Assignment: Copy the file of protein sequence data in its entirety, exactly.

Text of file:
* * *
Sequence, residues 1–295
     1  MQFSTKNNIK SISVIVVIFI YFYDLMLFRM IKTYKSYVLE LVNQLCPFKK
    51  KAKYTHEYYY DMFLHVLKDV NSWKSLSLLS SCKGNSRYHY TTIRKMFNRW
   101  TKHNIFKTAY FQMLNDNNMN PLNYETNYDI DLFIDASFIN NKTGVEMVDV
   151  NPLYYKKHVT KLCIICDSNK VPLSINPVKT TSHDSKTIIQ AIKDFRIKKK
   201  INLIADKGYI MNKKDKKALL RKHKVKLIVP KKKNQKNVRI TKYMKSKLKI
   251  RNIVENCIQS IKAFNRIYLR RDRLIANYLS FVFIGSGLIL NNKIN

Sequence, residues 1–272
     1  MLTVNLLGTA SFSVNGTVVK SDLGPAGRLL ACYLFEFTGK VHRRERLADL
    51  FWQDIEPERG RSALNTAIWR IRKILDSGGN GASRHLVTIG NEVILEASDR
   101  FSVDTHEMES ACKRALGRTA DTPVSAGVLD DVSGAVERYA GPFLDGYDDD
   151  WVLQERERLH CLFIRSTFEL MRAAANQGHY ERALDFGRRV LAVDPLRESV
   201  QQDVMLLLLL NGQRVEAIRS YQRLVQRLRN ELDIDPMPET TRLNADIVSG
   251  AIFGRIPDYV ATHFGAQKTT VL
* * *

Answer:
Sequence, residues 1–295
     1  MQFSTKNNIK SISVIVVIFI YFYDLMLFRM IKTYKSYVLE LVNQLCPFKK
    51  KAKYTHEYYY DMFLHVLKDV NSWKSLSLLS SCKGNSRYHY TTIRKMFNRW
   101  TKHNIFKTAY FQMLNDNNMN PLNYETNYDI DLFIDASFIN NKTGVEMVDV
   151  NPLYYKKHVT KLCIICDSNK VPLSINPVKT TSHDSKTIIQ AIKDFRIKKK
   201  INLIADKGYI MNKKDKKALL RKHKVKLIVP KKKNQKNVRI TKYMKSKLKI
   251  RNIVENCIQS IKAFNRIYLR RDRLIANYLS FVFIGSGLIL NNKIN

Sequence, residues 1–272
     1  MLTVNLLGTA SFSVNGTVVK SDLGPAGRLL ACYLFEFTGK VHRRERLADL
    51  FWQDIEPERG RSALNTAIWR IRKILDSGGN GASRHLVTIG NEVILEASDR
   101  FSVDTHEMES ACKRALGRTA DTPVSAGVLD DVSGAVERYA GPFLDGYDDD
   151  WVLQERERLH CLFIRSTFEL MRAAANQGHY ERALDFGRRV LAVDPLRESV
   201  QQDVMLLLLL NGQRVEAIRS YQRLVQRLRN ELDIDPMPET TRLNADIVSG
   251  AIFGRIPDYV ATHFGAQKTT VL